Mutual Funds

Valuations, fundamentals favour fixed income

| | Updated on: Oct 19, 2014
image caption

The RBI has held key rates, but macroeconomic developments make a case for investing in long duration funds

With valuations and macro-fundamentals in favour, there lies a strong case for investing in fixed income at this point in time.

Currently, the Indian economy is in much better shape, with a stable current account deficit (CAD), downward-looking inflation, higher forex reserves and growth impulses picking up. Macroeconomic improvement and fiscal prudence could bring down interest rates over the next two to three years, building a case for investing in the debt market.

Yet, the RBI maintained status quo on repo, reverse repo and MSF rates in its monetary policy review. The policy came through with some positives on held-to-maturity (HTM) and liquidity coverage ratio (LCR) norms for banks. While the RBI looked more confident on meeting the inflation target of 8 per cent by January 2015, we believe that CPI inflation may touch 6 per cent earlier than the RBI expectation of January 2016. A bout of optimism can be derived from the latest inflation numbers.

Rewards for persistence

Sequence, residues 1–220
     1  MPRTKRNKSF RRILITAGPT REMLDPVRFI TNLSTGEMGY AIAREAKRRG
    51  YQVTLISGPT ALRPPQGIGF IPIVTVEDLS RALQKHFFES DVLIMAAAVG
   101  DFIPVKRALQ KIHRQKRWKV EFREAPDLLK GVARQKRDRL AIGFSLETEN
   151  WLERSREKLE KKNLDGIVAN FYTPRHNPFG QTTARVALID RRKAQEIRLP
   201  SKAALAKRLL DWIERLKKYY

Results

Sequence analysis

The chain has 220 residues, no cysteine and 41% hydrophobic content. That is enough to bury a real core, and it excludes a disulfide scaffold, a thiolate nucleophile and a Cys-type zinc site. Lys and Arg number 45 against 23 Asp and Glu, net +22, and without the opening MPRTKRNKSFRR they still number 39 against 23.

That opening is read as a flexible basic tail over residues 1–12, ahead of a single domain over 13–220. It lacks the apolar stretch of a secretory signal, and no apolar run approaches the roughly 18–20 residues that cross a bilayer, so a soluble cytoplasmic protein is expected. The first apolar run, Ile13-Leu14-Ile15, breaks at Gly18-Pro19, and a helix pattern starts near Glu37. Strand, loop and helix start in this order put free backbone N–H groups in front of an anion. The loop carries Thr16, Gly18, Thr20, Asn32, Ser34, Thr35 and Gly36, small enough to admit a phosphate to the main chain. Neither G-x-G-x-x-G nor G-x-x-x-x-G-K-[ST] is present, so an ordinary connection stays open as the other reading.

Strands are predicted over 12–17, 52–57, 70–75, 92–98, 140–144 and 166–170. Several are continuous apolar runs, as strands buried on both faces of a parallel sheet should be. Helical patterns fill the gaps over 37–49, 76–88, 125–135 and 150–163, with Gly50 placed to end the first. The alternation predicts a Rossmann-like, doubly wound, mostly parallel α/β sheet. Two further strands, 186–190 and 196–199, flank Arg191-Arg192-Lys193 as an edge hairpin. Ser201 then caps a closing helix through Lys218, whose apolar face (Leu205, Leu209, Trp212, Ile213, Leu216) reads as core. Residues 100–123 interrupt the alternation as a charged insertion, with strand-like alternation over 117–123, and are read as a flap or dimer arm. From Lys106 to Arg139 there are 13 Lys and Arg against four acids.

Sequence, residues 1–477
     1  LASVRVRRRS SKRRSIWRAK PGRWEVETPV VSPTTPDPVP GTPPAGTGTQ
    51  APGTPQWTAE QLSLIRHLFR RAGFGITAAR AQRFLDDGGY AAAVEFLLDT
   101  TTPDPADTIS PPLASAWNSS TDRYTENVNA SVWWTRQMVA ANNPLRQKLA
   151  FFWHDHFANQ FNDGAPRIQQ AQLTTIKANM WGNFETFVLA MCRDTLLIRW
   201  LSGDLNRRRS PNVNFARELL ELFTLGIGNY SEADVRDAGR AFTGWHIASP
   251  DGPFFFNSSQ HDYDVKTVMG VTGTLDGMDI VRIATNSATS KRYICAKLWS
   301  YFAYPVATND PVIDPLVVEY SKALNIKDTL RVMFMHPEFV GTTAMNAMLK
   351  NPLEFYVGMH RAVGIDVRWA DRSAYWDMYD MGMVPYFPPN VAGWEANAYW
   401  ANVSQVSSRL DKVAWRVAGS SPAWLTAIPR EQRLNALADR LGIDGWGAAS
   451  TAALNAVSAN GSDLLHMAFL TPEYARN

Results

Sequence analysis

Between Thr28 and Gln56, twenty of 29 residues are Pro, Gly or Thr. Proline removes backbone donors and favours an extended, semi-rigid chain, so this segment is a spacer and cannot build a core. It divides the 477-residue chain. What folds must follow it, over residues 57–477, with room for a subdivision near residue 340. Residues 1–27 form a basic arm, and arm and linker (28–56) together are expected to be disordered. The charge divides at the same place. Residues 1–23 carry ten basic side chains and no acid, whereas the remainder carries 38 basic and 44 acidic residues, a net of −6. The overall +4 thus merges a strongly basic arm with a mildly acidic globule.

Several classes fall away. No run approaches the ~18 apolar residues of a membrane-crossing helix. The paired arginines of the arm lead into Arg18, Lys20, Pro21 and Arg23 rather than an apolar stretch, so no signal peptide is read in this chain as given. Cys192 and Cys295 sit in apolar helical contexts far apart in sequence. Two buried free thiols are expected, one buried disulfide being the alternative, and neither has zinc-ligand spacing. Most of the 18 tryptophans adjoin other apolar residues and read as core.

Apart from inflation, factors such as CAD, fiscal deficit and liquidity are also tilting in favour of debt markets. In the April-June quarter (2013-14), the CAD moderated to 1.7 per cent from 4.8 per cent of GDP last year and is expected to be maintained at 1.5 per cent this year.

The narrowing CAD translates into higher savings in the economy, paving the way for lower inflation and interest rates. Furthermore, the Government has set the fiscal deficit target for this financial year at 4.1 per cent of GDP, giving a roadmap for lowering it to 3 per cent over the next three years.

India is also undergoing a liquidity-driven economic cycle, with substantial FII inflows across debt and equity markets. The improvement in liquidity may keep the overall yield curve in check and bond yields at lower levels. Expect the 10-year benchmark yield to be about 150 bps lower from current levels by the second quarter of CY2016.

A value proposition

The RBI delaying the monetary softening is clearly providing the time to investors to increase allocations toward fixed income. The Indian fixed income market has valuations as well as macro-fundamentals in its favour. This makes a strong case for investing in long-duration funds for attractive returns in the next two to three years.

The writer is CIO-Fixed Income, ICICI Prudential AMC

Published on November 25, 2017

Follow us on Telegram, Facebook, Twitter, Instagram, YouTube and Linkedin. You can also download our Android App or IOS App.

This article is closed for comments.
Please Email the Editor

You May Also Like

Recommended for you